Is there a relationship (difference) or isn't there a relationship (difference)?
Once you have learned the correlation coefficient (r) for your sample, you need to determine what the likelihood is that the r value you found occurred by chance. In other words, does the relationship you found in your sample really exist in the population or were your results a fluke? -- OR -- In the case of a t-test, did the difference between the two means in your sample occurred by chance and not really exist in your population.
Prior to collecting data, researchers predetermine an alpha level, which is how willing they are to be wrong when they state that there is a relationship (in the case of correlation research) or difference (in the case of a t-test) between the two variables they measured. A common alpha level for educational research is .05.
Lets assume that you recollected your data with 100 different samples from the same population and calculated r (or t) each time (you would not normally do this). You would assume that the value for r (or t) would not be the same for each of the 100 samples that you collected. When you set your alpha level to .05, you are saying that you are willing to be wrong (say there was a relationship in your sample when there was not one in your population 5 times out of 100). In other words, a maximum of 5 of those 100 samples might show a relationship (r <> 0) when there really was no relationship in the population (r = 0). Another way of looking at it is at least 95 times out of a 100 the relationship (difference in the case of a t-test) you found with your sample probably also exists in the populations from which you drew your sample. On the other hand, the relationship (difference in the case of a t-test) you found in the sample might occur by chance (r = 0 in the population, but you found r <> 0 in the sample) 5 times out of a 100 times. For example, if 100 times you repeatedly drew samples of 27 pairs of scores from a population where the correlation was exactly 0, by chance five of those times you would get a correlation of .381 or higher.
Use the following for Correlation...
For this example, we have set the alpha level (likelihood of being incorrect when we say the relationship we found in our sample reflects a relationship in the population) at .05. In order to determine if the r value we found with our sample meets that requirement, we will use a critical value table for Pearsons Correlation Coefficient. To use the table, you need two pieces of information, how many subjects you had and the correlation coefficient r for your study.
First you must determine something called degrees of freedom (df). For a correlation study, the degrees of freedom is equal to 2 less than the number of subjects you had. If you collected data from 27 pairs, the degrees of freedom would be 25. Use the critical value table to find the intersection of alpha .05 (see the columns) and 25 degrees of freedom (see rows). The value found at the intersection (.381) is the minimum correlation coefficient r that you would need to confidently state 95 times out of a hundred that the relationship you found with your 27 subjects exists in the population from which they were drawn.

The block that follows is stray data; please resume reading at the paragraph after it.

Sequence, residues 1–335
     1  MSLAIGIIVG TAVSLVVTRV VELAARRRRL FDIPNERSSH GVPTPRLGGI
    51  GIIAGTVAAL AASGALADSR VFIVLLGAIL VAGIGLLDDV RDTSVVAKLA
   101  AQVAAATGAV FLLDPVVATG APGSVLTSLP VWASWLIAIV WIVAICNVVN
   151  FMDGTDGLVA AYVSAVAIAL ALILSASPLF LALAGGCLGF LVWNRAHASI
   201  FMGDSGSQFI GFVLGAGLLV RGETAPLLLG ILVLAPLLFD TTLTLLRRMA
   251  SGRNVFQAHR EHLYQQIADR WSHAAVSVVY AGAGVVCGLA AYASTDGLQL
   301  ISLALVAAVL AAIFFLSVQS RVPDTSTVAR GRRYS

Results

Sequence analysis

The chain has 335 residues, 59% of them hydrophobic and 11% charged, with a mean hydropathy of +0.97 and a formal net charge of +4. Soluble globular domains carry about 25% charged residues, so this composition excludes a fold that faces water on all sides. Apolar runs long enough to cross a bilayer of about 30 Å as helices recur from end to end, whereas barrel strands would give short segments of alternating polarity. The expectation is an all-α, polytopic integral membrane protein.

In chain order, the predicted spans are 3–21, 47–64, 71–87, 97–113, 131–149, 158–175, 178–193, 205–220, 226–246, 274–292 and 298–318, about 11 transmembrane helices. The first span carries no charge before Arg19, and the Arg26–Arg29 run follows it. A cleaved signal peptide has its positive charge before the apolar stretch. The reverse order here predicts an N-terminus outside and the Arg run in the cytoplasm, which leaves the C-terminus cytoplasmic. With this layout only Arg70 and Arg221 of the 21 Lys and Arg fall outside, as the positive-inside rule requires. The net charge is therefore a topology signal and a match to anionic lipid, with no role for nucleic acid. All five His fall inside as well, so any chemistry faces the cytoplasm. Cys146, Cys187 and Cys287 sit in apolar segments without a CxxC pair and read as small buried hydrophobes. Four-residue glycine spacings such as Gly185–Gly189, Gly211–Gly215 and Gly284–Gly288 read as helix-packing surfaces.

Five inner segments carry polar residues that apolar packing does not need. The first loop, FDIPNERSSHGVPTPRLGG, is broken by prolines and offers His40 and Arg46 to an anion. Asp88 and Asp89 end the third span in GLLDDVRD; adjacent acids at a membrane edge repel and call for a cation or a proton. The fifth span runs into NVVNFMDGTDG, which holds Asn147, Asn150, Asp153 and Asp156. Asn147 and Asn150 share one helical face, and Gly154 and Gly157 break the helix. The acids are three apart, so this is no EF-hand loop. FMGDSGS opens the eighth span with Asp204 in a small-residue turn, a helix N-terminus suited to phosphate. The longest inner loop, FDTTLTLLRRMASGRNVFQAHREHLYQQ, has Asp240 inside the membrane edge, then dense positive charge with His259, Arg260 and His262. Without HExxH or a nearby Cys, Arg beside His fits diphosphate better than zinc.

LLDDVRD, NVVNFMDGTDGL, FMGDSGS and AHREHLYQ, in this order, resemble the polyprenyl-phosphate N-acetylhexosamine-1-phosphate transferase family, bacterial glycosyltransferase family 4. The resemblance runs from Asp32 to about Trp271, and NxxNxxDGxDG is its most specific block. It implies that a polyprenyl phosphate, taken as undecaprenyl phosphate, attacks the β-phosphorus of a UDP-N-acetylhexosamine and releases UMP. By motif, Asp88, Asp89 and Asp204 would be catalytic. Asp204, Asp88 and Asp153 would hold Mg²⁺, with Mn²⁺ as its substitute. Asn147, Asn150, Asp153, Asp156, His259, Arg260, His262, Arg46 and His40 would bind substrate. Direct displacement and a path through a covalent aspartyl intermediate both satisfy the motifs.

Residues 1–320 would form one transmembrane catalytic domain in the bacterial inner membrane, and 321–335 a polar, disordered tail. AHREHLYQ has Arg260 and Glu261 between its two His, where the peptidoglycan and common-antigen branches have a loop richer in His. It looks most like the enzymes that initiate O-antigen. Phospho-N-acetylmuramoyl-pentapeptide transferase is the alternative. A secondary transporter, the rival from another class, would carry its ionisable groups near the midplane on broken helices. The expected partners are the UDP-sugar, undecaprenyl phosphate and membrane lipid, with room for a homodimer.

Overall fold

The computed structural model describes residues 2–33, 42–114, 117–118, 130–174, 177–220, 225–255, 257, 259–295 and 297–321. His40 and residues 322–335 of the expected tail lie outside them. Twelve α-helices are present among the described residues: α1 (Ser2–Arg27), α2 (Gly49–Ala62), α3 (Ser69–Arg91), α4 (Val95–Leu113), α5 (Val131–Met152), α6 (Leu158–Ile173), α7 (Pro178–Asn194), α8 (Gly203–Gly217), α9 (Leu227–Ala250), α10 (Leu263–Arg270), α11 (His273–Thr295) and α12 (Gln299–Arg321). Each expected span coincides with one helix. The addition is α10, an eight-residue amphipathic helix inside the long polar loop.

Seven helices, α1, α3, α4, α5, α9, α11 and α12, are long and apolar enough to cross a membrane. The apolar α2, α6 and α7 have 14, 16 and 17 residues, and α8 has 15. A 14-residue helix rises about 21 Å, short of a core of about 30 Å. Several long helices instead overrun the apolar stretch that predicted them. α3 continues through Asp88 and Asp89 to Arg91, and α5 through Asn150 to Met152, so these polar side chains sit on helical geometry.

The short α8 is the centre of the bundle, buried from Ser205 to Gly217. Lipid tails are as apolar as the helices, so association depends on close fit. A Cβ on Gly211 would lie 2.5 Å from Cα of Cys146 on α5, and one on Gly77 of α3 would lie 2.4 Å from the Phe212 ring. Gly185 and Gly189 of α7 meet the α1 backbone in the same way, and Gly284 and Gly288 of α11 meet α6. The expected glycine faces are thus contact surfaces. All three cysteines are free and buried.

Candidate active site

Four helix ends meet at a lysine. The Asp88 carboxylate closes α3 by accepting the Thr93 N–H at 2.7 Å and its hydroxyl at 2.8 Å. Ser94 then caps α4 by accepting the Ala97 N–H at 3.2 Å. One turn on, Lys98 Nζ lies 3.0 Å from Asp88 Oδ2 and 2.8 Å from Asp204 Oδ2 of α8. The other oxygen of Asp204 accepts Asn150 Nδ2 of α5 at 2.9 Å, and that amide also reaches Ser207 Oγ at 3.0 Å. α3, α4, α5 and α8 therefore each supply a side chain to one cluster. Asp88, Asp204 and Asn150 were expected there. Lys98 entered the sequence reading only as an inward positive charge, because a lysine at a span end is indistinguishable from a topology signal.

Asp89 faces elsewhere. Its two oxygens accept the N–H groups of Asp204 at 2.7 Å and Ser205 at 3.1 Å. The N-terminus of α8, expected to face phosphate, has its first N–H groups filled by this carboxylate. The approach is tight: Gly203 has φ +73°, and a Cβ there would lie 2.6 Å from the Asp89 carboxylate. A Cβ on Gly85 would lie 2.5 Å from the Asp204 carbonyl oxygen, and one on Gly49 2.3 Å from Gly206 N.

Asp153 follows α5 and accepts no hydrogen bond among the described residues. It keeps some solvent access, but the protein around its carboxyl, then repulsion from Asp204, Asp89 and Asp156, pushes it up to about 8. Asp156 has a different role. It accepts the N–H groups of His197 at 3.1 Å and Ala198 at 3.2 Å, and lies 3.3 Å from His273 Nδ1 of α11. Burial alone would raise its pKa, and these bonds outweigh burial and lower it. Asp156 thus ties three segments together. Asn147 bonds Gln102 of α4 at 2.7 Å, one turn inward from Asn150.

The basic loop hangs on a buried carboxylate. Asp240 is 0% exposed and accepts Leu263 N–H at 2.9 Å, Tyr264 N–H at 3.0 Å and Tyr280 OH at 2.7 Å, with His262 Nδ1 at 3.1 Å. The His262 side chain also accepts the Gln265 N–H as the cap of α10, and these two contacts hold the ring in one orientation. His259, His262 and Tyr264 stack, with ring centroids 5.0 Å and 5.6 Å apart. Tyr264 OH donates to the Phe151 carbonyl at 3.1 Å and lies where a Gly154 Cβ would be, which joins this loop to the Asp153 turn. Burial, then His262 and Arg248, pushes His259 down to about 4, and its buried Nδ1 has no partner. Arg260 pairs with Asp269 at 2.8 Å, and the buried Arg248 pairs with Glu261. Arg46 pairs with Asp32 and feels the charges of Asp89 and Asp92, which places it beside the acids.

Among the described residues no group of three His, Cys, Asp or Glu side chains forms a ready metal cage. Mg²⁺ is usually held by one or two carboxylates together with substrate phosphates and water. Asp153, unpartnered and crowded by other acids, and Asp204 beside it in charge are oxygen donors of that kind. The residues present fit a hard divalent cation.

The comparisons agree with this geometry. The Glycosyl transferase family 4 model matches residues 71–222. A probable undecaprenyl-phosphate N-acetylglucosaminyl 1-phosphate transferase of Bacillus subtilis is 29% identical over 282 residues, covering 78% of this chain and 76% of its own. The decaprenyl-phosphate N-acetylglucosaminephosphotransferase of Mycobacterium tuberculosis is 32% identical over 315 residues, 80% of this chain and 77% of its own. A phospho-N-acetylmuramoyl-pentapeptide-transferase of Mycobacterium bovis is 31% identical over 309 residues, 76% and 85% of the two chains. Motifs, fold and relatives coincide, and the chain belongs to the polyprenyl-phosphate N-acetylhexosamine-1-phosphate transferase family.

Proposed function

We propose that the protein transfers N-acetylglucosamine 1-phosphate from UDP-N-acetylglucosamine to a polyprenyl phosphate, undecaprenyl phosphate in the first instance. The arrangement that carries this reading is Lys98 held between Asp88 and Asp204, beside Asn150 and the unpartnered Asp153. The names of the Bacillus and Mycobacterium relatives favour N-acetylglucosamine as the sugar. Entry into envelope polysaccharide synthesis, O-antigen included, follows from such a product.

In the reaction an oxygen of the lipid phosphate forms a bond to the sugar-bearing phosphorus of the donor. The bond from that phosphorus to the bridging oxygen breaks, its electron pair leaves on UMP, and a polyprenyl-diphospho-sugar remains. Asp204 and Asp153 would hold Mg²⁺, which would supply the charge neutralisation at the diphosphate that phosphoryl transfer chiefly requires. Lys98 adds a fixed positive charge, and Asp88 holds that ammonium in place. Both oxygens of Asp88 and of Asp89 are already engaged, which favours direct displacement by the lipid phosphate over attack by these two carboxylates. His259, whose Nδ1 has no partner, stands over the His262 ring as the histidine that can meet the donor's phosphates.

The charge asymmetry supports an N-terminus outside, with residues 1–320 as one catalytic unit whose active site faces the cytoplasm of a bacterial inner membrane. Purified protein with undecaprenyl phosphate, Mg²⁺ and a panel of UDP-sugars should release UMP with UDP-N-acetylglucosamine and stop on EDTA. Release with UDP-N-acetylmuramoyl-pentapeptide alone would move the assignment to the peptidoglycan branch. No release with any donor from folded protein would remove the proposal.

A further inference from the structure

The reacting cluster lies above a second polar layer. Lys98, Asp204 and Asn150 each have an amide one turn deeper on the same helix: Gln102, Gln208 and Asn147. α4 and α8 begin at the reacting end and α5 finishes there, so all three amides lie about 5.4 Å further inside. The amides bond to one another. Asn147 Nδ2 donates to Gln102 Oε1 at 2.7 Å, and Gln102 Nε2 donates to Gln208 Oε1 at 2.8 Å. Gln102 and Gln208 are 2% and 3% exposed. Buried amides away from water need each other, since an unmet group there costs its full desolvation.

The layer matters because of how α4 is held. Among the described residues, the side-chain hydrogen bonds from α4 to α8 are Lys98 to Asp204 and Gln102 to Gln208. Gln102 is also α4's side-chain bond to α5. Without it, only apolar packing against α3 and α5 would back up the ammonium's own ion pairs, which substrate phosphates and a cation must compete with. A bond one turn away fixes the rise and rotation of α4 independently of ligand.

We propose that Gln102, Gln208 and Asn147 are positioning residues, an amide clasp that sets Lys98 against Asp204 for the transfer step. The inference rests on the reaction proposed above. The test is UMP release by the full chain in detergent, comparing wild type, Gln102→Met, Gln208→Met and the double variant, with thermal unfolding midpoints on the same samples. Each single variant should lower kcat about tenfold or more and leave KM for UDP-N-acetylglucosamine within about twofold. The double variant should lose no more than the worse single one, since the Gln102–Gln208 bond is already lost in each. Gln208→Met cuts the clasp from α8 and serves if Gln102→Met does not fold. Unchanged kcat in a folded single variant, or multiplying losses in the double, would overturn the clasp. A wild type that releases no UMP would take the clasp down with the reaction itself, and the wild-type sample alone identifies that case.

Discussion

If the absolute value of your correlation coefficient is above .381, you reject your null hypothesis (there is no relationship) and accept the alternative hypothesis: There is a statistically significant relationship between arm span and height, r (25) = .87, p < .05.
If the absolute value of your correlation coefficient were less than .381, you would fail to reject your null hypotheses: There is not a statistically significant relationship between arm span and height, r (25) = .12, p > .05.
Note: The number in parentheses following the r is the degrees of freedom and the number following the equal sign is your correlation coefficient r. p<.05 means your correlation coefficient exceeded the critical value found on the table and you are 95% confident that a relationship exists. p > .05 means that your correlation coefficient was less than the critical value on the table and you cannot be 95% confident that a relationship exists.
When using the critical value table, use the
absolute value of your r (in other words...ignore the negative sign of your r
if you have a negative relationship). The sign tells the DIRECTION of the
relationship...not the STRENGTH. Since we are wondering if there is a strong enough
relationship to be statistically significant, we
are only concerned about strength when using the table. An r = -.85 has the same strength as r = .85. You
do need to report the direction in your answer and must place the negative sign in front of the r value.
If your degree of freedom is not on the correlation table, go to the next lowest degree of freedom (df) that is.
Neag School of Education - University of Connecticut
Last revised 10/14/2009